|Pole Position on the Atari 2600|
|Pac-Man™ on the Atari 2600|
I was introduced to computer games by my best friend around age 10. Back then, games consoles were connected to the (parents') TV set; games had to be purchased as ROM cartridges, and most games allowed single or double player gameplay via joysticks. Of course, it wasn't enough that my friend possessed one; I wanted to have one, too. Thus, 1987's Xmas wish list consisted of an Atari 2600 (the same model that my friend had), a game console that was first released 10 years earlier, and was thus available in department stores for an affordable price (about DM 100, if I remember correctly). Game cartridges cost between DM 15 - 35, and couldn't be copied, so one had to swap cartridges with friends and classmates, and young pupils weren't yet nurtured in an environment of profligate software pirating.
Anyway, after owning about 7 different games, I had so many ideas, and wanted to start writing games. I knew that this wasn't possible on my console, that I needed a "real" computer. And so in May-1988, aged 12, I started investigating the available home computers. Fortunately, the 64'er computer magazine just ran a cover story comparing the leading home computers Commodore 64 / 128, Amiga 1000, Atari 800XE, Atari 520ST, Schneider CPC 464 against an IBM-compatible XT.
This magazine contained many pages of machine code and BASIC programs meant to be typed into the computer; though one could buy a 5¼" floppy disk containing all the software, at DM 29.90 (vs. DM 6.50 for the magazine, and my usual monthly allowance of DM 20) is was way too expensive.
20 years later, we're living with multi-megabit Internet connections, and software updates alone can be several megabytes large. Back then, software updates didn't exist; occasionally, the magazine would publish a correction a la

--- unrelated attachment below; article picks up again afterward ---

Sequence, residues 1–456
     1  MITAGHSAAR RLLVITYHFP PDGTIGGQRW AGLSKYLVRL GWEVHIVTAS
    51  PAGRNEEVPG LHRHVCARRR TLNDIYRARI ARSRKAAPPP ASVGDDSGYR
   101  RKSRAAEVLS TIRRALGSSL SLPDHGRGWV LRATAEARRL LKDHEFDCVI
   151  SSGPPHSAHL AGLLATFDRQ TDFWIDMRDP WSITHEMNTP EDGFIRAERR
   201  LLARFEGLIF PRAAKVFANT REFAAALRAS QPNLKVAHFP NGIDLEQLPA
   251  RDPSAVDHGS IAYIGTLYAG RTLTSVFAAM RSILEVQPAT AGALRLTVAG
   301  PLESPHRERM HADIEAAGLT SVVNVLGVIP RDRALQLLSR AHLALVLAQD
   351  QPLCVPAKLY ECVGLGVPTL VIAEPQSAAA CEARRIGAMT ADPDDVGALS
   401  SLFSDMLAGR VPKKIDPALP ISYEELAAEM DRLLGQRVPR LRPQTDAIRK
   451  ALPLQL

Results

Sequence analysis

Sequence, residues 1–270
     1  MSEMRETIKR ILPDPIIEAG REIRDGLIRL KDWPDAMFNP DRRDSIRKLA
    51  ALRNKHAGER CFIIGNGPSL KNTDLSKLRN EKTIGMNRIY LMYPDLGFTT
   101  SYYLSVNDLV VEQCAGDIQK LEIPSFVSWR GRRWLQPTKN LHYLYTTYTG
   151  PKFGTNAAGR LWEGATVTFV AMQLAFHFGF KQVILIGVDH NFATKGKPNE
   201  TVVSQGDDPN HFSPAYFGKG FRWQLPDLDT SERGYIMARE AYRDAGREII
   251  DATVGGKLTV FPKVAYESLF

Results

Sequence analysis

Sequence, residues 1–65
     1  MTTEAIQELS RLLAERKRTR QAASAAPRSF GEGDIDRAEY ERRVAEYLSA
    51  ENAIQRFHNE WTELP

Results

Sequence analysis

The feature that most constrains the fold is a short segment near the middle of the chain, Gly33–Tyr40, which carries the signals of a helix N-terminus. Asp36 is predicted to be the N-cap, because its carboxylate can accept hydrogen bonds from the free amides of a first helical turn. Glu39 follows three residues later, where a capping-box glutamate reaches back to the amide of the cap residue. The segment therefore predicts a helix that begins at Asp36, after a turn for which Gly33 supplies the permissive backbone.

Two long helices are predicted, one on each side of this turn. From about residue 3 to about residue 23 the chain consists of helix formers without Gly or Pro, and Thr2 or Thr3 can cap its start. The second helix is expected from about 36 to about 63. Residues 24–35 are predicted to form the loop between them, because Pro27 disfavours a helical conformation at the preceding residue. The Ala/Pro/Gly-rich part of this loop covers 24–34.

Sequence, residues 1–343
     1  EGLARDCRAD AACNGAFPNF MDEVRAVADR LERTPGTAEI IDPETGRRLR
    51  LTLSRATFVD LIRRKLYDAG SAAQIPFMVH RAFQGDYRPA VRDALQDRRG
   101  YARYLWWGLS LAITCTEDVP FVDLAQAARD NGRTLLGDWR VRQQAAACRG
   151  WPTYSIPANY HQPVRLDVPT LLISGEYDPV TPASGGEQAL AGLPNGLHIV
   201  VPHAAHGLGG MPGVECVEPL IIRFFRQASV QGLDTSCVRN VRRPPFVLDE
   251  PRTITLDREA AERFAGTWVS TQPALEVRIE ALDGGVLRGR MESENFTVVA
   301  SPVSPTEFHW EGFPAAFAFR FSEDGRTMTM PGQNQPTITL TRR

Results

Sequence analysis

In last issue's foo program, at address 0x3460 replace 7f fe ab 80 with 7e ff ac 88.
|machine code listing…||…spanning many pages|
All of that strange new world didn't frighten me; in fact, I decided that the Commodore 64 would be the ideal computer for me, and started buying the magazine regularly. It was still half a year until next Xmas; so I had plenty of time to prepare and convince my parents. (I knew this would be difficult; a computer was quite expensive; so I planned to forgo a couple of future Xmas presents, in a sort of payment by installments scheme.)
With my motivation to write my own computer games, the lack of a computer didn't prevent me from starting to teach myself programming. Each magazine contained many pages of source code written in BASIC. Plus, there were articles about the inner workings of the computer, and a tutorial on algorithms. I figured out pretty soon that the PRINT command creates output; my first program used that together with a FOR loop to create a scrolling intro animation followed by a sound effect, which I copied verbatim from an article without actually understanding it. I used my father's old typewriter (which had broken "A" and "O" letters, so I had to fill those in with a pen) to type it. For lack of real hardware, I could only execute it in my imagination, but that didn't stop me from dreaming about me developing interesting new games. My only chance of computer access was in the biweekly trip to the next town's department store with my parents. In the stationery section, there were some demonstration computers, right next to the calculators. I was always disappointed when they were turned off or occupied; but even when I was lucky, I only had a few minutes until my parents called me to move on.
When I today read stories about young pupils in developing countries wanting to become software developers, I can relate to their fascination with technology. Thankfully, I had the privilege of parents who bought me a computer costing DM 1500 (about $1000 at the time; the typical "budget" for Christmas presents from parents and relatives was around DM 200). I initially proposed a more modest system (with datasette in place of floppy drive, and a monochrome monitor), but my mother persuaded me to chose the better alternative when I explained the pros and cons to her (my parents had no knowledge about computers at all, and no academic education):
Well, but wouldn't a color monitor be nicer? … Well, but wouldn't a more powerful system allow you to do more things?
Thus, we finally settled for a Commodore C128D computer with a Commodore 1084 color monitor. With that impressive machine, I could both run the vast amount of C64 programs (well, mostly games) and had a powerful, professional system ideal for my programming endeavors.
Ingo Karkat, 15-Apr-2009